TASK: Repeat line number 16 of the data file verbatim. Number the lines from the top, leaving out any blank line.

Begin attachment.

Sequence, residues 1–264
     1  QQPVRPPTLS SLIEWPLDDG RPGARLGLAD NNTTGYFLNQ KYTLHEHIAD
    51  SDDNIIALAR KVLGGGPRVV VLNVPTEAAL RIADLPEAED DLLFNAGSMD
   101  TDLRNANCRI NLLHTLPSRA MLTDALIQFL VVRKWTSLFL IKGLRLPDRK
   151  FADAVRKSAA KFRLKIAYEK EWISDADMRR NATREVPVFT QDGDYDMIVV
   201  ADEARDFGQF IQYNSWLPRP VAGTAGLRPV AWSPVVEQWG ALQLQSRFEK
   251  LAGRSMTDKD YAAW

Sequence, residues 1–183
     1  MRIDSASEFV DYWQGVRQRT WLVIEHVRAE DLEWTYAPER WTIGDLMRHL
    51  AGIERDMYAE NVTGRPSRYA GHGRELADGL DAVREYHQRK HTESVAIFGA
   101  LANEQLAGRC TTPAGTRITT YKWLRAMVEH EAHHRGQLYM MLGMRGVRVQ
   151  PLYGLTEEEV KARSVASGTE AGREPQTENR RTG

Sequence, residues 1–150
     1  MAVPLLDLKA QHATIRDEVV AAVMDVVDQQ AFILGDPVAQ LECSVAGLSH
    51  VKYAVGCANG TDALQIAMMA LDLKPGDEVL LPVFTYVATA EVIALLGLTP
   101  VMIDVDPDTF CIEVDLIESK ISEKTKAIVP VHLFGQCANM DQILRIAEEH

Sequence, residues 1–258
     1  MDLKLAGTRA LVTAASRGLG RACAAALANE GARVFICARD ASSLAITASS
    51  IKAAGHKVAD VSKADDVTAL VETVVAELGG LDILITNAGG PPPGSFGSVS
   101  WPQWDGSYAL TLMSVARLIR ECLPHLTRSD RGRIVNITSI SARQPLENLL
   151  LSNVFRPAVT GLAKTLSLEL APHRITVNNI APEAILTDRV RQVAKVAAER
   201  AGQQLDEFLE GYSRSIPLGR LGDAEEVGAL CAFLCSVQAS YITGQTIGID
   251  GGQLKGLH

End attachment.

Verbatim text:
   101  VMIDVDPDTF CIEVDLIESK ISEKTKAIVP VHLFGQCANM DQILRIAEEH